There was a time when baby called the shots on exactly when and how he would enter this world. And while that’s still the case in many ways, at least today’s moms have more options when it comes to dealing with the pain! Whether epidurals give you the creeps or you’re just looking for a more natural route, consider these alternatives—alone or in conjunction—and develop a birth plan that incorporates your doctor’s recommendations and your own intuition.
Lamaze: Getting back to basics
According to nonprofit organization Childbirth Connection, maternity care in the United States often “overuses high-tech procedures while under using high-touch, noninvasive measures.” In contrast, the folks at Lamaze International teach natural birthing techniques based on six healthy practices:
- Let labor begin on its own. No Pitocin here! Stick to the old standbys—long walks, spicy food and sexy encounters—or simply wait for baby to make his move.
- Walk, move around and change positions throughout labor. The movement will promote healthy circulation and deeper breathing while potentially advancing labor. Certain prenatal yoga moves can also help you relax while you’re waiting for baby’s arrival.
- Bring a loved one, friend or doula to support you. Depend on others to help you through this major event. You may not want a crowd, but a few staunch supporters will be helpful to have on hand when you need them.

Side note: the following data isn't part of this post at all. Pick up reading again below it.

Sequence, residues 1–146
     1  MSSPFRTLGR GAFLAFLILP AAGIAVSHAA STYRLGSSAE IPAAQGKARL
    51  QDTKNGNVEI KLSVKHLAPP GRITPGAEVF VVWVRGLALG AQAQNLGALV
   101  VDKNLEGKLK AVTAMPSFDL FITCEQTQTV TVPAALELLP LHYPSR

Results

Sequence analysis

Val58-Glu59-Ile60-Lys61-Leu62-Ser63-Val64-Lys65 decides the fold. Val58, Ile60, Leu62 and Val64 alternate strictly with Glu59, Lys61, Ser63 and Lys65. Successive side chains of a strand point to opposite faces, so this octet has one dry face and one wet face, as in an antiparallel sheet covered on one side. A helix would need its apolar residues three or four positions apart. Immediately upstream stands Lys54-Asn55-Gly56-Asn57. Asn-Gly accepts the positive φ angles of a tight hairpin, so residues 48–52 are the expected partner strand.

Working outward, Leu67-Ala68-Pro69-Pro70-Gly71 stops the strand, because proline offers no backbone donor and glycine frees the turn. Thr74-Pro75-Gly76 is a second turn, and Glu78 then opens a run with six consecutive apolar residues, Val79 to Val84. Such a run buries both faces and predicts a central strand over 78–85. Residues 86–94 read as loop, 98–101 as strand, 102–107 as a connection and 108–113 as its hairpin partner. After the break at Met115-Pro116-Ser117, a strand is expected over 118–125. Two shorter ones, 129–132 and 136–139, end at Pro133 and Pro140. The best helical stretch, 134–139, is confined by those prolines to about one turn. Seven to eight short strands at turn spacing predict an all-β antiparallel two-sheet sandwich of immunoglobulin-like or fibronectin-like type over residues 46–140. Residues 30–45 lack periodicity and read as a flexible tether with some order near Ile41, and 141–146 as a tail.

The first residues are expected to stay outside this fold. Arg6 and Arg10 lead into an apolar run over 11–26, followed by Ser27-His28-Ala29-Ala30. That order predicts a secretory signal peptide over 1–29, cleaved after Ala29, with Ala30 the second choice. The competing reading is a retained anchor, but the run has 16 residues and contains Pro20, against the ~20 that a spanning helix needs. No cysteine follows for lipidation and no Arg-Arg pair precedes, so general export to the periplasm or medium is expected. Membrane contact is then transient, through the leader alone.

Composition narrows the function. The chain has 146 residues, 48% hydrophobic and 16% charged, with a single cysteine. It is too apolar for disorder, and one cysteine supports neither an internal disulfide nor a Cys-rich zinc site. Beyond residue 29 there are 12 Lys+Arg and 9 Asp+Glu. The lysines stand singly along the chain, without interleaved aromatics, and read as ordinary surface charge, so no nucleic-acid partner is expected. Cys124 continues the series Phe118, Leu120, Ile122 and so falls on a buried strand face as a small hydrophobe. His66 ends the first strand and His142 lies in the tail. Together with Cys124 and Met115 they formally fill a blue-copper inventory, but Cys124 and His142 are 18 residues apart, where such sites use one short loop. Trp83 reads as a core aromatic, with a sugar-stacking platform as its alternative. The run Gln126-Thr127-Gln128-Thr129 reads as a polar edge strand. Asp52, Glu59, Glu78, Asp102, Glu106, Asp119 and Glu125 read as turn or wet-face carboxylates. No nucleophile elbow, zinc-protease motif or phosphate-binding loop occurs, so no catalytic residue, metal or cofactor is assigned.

- Avoid interventions that are not medically necessary. Hold the tubes and needles, please. Constant fetal monitoring, IV application and other interventions may not be necessary if your labor is progressing healthily.
- Choose the most comfortable position in which to give birth and follow your body’s urges to push. If you’re not tied to a hospital bed by an infant monitor, IV or epidural, you may find that standing or squatting will put gravity on your side and help with baby’s downward progress.
- Keep your baby with you in the hospital and at home. While there’s nothing wrong with utilizing the hospital nursery, many moms have found that “rooming-in” has many advantages. Postpartum depression is less likely to strike, baby is apt to be happier and healthier when he’s enjoying skin-to-skin contact with you, and breastfeeding comes more naturally for you both when you keep close quarters.
A husband likes to feel useful in the delivery room, so a soothing massage can be therapeutic for you both! Doulas and midwives can also provide great muscle-relaxing massages; have your care provider press the heels of her palms into your hip socket areas to relieve some of the pain and pressure as baby descends. Don’t forget to pack your hospital bag with massage oil and clean tennis balls for accelerated rubdowns. Two tennis balls stuffed in a sock make a great massage tool for applying firm pressure to your lower back.
Here’s a fun project for the dad-to-be: Make an MP3 mix of soothing tunes for delivery day. The right music simulates a restful breathing rhythm to produce a calming effect, lessening pain perception and
giving mom something to focus on during contractions. (This works especially well when paired with patterned breathing.) Picking peaceful, soothing music is the key, so no matter what your partner says, the Metallica introduction can wait.
A popular alternative to pain medication, water birth takes place in a warm tub of water (100